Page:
A guest post by Nataliya Mykhalchenko.
What motivates people to pursue a career in international development? What is it like working for a NGO, a ministry of foreign affairs, the UN, or being part of a development project? What are the first stepping stones to a career in this sector? PIN Students Leeds, the Leeds-based student branch of Practical Initiatives Network (PIN) and Centre for Global Development embarked on a journey to explore these questions as part of their “Working in Development’’ talk series. The first guests in the series were Dr. Jörg Wiegratz – the Undergraduate Programme Director for International Development and a lecturer in Political Economy of Global Development at POLIS; and Priscilla-Isaac Israel – an undergraduate student in International Relations here at the university.
Having worked in Uganda for three years as a researcher and consultant for the UN, the Government of Uganda, the EU and the German Agency for Technical Cooperation, Dr. Wiegratz provided a highly insightful view of the realities of working in this sector. Priscilla, having spent her summer as an intern at Uganda’s Ministry of Foreign Affairs gave a real taste of a student experience working in a professional environment. The speakers were very keen to answer all questions during the course of the talk and provide lots of advice for students.
One of the main points made by Dr. Wiegratz was that it is very important for anyone interested in International Development to go beyond theoretical knowledge gained at University and get on-ground. By doing so, one can get an understanding of the nature of development work. He also highlighted that networking forms a foundation to gaining entry into the professional field (e.g. as an intern, or junior consultant), gaining valuable experience, growing as an International Development professional, and increasing one’s chances of employment. Due to the nature of this profession often unforeseen circumstances occur, such as issues with funding, timelines, or team related challenges, which can affect the overall running of projects. Therefore, persistence, endurance, openness and flexibility are essential.
Priscilla’s experience as an intern is a good example of the above mentioned qualities in action. A little overwhelmed at the start by the professional atmosphere in the Ministry of Foreign Affairs, she soon went far beyond her internship and did extensive research for her final year dissertation at the University of Leeds. Furthermore, she stated that she learned lots from interaction with staff of the ministry and gained more confidence in approaching officials. Having had a chance to attend meetings and conferences, Priscilla gained a more in-depth understanding of how government and aid operate. The speaker highlighted that being present in such environment allowed her to see how the theoretical knowledge she gained during her two years at the university is translated in practice. Priscilla spoke very passionately about her overall experience and strongly encouraged other students to give internships abroad a go.
One of the main concerns of the audience was how both speakers settled in into a different community and whether the response to their presence was positive. Such concern is perhaps universal among students faced with a prospect of going abroad. Both speakers stated that the overall response was very positive, although settling-in involved some time learning about the country’s culture and work environment.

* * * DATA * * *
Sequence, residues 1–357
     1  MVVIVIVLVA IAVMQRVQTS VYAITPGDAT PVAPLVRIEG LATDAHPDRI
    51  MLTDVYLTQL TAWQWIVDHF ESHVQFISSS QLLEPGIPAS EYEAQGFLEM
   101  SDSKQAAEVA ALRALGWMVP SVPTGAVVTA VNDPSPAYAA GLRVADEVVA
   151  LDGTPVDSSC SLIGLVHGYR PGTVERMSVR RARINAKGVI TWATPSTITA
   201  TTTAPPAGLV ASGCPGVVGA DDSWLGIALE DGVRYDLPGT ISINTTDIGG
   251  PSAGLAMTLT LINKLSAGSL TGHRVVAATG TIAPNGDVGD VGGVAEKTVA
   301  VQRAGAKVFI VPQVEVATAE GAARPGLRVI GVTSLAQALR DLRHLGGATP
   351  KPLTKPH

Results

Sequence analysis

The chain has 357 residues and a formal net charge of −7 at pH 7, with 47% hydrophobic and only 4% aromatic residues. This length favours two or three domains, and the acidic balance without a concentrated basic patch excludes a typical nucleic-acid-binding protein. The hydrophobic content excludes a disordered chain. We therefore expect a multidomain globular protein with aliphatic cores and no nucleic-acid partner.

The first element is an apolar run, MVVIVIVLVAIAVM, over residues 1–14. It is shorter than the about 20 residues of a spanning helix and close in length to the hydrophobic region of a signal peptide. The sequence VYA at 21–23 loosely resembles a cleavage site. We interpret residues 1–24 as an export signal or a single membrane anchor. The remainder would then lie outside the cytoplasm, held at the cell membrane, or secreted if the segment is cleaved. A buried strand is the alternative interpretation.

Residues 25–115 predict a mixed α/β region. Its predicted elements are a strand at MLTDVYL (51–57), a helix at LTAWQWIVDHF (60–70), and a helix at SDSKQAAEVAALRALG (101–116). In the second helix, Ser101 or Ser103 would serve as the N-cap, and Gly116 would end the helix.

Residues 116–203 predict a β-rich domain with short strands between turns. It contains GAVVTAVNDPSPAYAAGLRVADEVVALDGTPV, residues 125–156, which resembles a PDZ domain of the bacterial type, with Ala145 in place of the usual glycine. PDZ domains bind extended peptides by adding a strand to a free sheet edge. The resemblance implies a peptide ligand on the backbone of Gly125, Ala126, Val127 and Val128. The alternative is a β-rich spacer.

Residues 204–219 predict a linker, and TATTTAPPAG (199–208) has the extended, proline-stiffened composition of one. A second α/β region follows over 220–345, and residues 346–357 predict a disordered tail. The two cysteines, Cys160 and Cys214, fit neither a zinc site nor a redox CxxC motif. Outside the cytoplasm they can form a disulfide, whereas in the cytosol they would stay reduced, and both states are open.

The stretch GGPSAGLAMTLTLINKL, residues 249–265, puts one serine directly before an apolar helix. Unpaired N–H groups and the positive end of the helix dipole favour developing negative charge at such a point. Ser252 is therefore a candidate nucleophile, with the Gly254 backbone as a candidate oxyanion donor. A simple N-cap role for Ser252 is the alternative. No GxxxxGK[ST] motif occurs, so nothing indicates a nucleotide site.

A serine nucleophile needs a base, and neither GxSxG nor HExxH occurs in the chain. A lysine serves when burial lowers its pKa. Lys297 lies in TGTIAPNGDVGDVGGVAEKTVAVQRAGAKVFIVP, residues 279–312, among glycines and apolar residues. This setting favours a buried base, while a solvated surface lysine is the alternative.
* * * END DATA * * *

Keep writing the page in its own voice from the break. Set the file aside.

Dr. Wiegratz also highlighted that sometimes disappointments can occur. This reflects the complexity and political characteristic of this sphere of work, i.e. several parties with varying interests are usually involved in a given project. The extent of this challenge can vary, depending on the organisation or country one works for. However, this professional reality (not unlike the situation in other professions), Dr. Wiegratz said, should not stop students and young professionals being involved in working for international organizations, NGO’s or governmental organisations in International Development; to the contrary, students should get their own experience and make up their own mind of the field. Perhaps, this is the most crucial part of starting a career in development.
Both speakers noted that their experience has changed their perspectives on International Development and has affected their future professional choices. Dr. Wiegratz eventually favoured academic research as a way of keeping engaged with issues in Uganda and with Africa more broadly and contributing to development in this way; and Priscilla realized that becoming an entrepreneur and creating jobs could be effective in positively impacting upon the country. Thus, both presentations showed that being practically involved in development initiatives provides invaluable experience and is necessary in understanding the nature of both the concept and operationalisation of International Development. Finally, the main lesson learned from the talk – don’t be afraid to give the professional field of International Development a try, but be prepared to face up to challenges!
For more tips and valuable advice, read Dr. Wiegratz’s article: What Next? Moving into the professional world’’ (from p.18).
Natasha is an International Development student at the University of Leeds and a research intern at POLIS, working on a project relating to the political economy of anti-fraud measures in the Global South. She enjoys teaching, traveling and learning new languages and is particularly passionate about education and development.
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